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07-05-2019 | Immunotherapy | Highlight | News

Immunotherapy-related AEs reviewed, underlying mechanism postulated

medwireNews: Researchers have comprehensively analyzed the incidence of adverse events (AEs) in trials of PD-1 and PD-L1 inhibitors, while another team has provided insight into the potential pathophysiologic process underlying these effects.

Michael Wang (The University of Texas MD Anderson Cancer Center, Houston, USA) and co-authors conducted a meta-analysis of data from 125 trials – comprising 20,218 participants – that reported on AEs associated with the use of the PD-1 inhibitors nivolumab and pembrolizumab or the PD-L1 inhibitors atezolizumab, avelumab, and durvalumab, in all cases given as monotherapy. Lung cancer trials were the most common (n=26), followed by trials in patients with genitourinary tumors (n=22), melanoma (n=16), and gastrointestinal tumors (n=14).

In all, any-grade AEs occurred in 66% of 18,610 patients from 106 trials with available data, with the most frequent being fatigue (18.26%), pruritus (10.61%), and diarrhea (9.47%). And AEs of grade 3 or worse were observed in 14% of 18,715 participants of 110 trials – fatigue was still the most common event (0.89%), with anemia (0.78%) and elevations in aspartate aminotransferase (AST; 0.75%) the next most frequent AEs.

With regard to immune-related (ir)AEs, hypothyroidism (6.07%) and hyperthyroidism (2.82%) were the most common of the endocrine dysfunctions of any grade, with lower incidences of hyperglycemia, thyroiditis, adrenal insufficiency, hypophysitis, type 1 diabetes, and hypopituitarism (incidence, 0.69–1.20%).

The study authors point out, however, that these latter effects were much more likely to be severe, with, for instance, a 42% likelihood that type 1 diabetes would manifest as grade 3 or worse versus an approximately 2% probability for hypo- and hyperthyroidism.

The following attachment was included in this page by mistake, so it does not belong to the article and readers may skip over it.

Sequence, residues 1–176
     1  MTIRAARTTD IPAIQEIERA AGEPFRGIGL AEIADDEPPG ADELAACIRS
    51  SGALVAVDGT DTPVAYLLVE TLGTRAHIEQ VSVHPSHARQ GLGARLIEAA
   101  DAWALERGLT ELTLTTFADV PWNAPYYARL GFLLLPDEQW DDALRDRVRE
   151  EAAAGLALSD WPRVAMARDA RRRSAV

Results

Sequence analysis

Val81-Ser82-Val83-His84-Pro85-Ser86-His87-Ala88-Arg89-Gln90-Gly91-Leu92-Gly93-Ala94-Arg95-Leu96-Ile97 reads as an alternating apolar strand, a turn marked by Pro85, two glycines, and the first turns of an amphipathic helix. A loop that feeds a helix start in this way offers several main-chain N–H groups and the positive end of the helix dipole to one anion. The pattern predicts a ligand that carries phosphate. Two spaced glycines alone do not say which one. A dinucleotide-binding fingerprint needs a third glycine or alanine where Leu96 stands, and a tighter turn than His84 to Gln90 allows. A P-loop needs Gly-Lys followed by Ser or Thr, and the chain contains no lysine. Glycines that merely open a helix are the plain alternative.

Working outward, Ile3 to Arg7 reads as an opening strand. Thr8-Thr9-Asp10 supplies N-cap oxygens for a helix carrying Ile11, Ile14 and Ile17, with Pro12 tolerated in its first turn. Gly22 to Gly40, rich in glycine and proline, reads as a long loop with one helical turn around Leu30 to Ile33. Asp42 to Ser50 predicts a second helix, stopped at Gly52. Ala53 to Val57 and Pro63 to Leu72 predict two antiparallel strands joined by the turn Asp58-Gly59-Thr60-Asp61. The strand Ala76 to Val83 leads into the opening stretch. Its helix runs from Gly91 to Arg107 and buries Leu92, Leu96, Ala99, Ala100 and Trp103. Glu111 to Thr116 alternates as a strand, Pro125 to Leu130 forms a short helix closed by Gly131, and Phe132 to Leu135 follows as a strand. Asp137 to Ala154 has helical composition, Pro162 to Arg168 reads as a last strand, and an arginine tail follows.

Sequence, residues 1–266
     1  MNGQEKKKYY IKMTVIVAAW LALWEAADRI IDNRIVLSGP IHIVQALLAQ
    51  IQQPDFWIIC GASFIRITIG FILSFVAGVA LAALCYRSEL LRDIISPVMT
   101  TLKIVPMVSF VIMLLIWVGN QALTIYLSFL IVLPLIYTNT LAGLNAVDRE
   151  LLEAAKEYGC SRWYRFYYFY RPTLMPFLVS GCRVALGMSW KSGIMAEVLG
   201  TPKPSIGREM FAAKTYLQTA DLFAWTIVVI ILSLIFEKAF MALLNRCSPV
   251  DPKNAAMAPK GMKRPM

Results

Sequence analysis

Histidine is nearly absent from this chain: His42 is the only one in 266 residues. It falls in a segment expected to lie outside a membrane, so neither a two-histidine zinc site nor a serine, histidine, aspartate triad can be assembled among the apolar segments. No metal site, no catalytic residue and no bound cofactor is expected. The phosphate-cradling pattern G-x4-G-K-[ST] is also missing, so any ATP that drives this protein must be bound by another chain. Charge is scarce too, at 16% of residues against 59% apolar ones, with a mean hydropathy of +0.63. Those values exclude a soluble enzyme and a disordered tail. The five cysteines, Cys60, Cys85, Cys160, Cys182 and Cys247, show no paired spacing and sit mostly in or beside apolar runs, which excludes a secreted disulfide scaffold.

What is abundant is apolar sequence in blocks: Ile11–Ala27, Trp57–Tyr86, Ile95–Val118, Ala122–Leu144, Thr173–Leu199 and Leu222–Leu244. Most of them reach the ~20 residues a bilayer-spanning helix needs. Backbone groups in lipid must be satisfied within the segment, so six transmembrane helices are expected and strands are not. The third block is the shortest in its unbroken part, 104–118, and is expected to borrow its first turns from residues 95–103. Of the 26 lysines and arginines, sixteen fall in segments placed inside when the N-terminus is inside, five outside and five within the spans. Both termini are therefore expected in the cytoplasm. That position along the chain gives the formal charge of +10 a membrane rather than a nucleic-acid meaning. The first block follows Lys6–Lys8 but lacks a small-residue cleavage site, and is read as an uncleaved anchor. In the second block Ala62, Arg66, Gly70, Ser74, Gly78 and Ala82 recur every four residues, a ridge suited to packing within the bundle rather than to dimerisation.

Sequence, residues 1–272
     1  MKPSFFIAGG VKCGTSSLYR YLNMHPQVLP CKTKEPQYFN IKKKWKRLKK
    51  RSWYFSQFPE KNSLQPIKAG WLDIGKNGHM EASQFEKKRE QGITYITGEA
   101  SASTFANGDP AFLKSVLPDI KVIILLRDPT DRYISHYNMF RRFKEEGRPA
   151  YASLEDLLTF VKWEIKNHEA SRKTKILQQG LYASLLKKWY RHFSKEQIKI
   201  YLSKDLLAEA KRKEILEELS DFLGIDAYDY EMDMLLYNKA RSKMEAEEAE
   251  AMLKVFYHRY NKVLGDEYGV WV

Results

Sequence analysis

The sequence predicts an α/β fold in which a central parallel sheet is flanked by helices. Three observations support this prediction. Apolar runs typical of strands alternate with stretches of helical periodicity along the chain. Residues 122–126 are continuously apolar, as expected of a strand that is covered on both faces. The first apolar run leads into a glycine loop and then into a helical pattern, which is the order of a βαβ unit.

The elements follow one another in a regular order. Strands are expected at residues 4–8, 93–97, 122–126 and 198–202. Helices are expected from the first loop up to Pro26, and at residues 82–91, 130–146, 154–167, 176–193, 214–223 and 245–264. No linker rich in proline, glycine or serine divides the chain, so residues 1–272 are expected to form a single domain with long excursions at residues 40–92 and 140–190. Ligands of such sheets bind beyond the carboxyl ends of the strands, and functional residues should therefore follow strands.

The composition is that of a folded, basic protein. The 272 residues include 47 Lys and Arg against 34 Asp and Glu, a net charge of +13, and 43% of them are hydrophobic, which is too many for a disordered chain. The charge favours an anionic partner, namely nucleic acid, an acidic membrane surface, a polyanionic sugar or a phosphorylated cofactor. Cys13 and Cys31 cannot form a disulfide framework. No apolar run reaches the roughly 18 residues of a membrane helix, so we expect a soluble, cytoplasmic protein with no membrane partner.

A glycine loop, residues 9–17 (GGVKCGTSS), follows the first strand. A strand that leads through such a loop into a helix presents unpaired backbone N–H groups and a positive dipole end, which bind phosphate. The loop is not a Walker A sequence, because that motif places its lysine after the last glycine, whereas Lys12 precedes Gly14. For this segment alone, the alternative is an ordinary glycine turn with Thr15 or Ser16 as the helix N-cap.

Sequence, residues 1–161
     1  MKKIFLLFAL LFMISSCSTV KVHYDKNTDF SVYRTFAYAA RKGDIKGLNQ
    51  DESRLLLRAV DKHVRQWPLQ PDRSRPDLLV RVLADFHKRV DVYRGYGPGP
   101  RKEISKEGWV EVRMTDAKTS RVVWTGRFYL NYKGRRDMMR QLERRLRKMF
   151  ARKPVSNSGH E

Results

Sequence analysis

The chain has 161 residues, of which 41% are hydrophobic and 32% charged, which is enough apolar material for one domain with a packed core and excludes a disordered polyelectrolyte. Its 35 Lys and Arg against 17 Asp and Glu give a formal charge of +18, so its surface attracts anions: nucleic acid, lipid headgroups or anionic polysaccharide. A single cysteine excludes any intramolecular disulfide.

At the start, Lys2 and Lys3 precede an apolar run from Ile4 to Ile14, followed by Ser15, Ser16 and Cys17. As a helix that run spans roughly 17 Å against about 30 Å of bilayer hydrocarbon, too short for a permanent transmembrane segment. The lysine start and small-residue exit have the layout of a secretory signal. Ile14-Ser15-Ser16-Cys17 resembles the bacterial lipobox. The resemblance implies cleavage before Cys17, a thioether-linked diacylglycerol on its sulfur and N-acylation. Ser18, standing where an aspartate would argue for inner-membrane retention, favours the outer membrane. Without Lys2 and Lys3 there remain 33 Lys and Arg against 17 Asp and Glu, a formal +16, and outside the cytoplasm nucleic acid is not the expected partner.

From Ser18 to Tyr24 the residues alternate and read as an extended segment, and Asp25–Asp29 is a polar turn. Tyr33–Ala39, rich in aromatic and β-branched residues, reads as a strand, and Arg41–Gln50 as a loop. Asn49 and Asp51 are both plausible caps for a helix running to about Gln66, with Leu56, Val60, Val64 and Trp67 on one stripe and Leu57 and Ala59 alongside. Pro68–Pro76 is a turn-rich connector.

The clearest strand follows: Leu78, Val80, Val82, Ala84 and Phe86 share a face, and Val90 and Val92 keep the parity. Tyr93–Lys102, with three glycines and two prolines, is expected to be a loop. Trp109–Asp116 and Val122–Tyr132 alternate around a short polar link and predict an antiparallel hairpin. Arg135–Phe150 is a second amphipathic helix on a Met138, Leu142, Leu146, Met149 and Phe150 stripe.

“Close monitoring and early recognition of pertinent symptoms and signs may help enable their proper management, such as prompt initiation of steroids,” they write.

One hundred and twelve studies reported on treatment-related mortality, with a total of 82 deaths, giving an incidence rate of 0.45%. Over a quarter (28.0%) of the treatment-related deaths were due to pneumonitis.

There were no significant differences in the mean incidence of any-grade and grade 3 or worse AEs across tumor types. But PD-1 inhibitors were associated with a higher mean incidence of grade 3–5 AEs than PD-L1 inhibitors (odds ratio [OR]=1.58), with higher rates for nivolumab than pembrolizumab (OR=1.30).

“This global overview of the adverse events of PD-1 and PD-L1 inhibitors can be used as a reference by clinicians and may guide clinical practice,” conclude the researchers.

The authors of the second study aimed to gain insight into the mechanism underlying the development of checkpoint inhibitor-mediated skin AEs by analyzing matched biopsies of tumor and skin tissue from 73 individuals with non-small-cell lung cancer who received nivolumab or pembrolizumab at one of four Swiss centers.

Overall, autoimmune skin AEs developed in 34.2% of patients, but were significantly more common among patients who had achieved complete or partial remission than those with stable or progressive disease, at rates of 68.2% and 19.6%, respectively.

Individuals with autoimmune skin effects had a significant 71% reduced risk for death relative to their counterparts without these AEs, and the risk for progression or death was also a significant 78% lower.

T-cell receptor clonotype analysis of biopsy specimens showed that the tumor tissue and autoimmune skin lesions shared certain T-cell antigens, with in silico analysis identifying nine potential candidates, such as keratin 6 and 14, desmocollin 3, and maspin.

“This study suggests that, during checkpoint inhibitor therapy, T cells recognizing shared lung tumor and skin antigens simultaneously target both organs,” say Lukas Flatz, from Kantonsspital St Gallen in Switzerland, and co-researchers.

“This process is associated with the development of autoimmune skin toxic effects and likely with tumor regression as well.”

Flatz et al conclude: “If this hypothesis can be proven in larger prospective cohorts, relevant antigen-specific T cells may be useful as potential biomarkers of response to treatment. Combined with appropriate patient selection, this knowledge may help improve the efficacy of immunotherapy and anticipate its associated autoimmune toxic effects, thereby fostering its clinical application.”

Both studies appear in JAMA Oncology.

By Shreeya Nanda

medwireNews is an independent medical news service provided by Springer Healthcare. © 2019 Springer Healthcare part of the Springer Nature group

JAMA Oncol 2019; doi:10.1001/jamaoncol.2019.0393
JAMA Oncol 2019; doi:10.1001/jamaoncol.2019.0402

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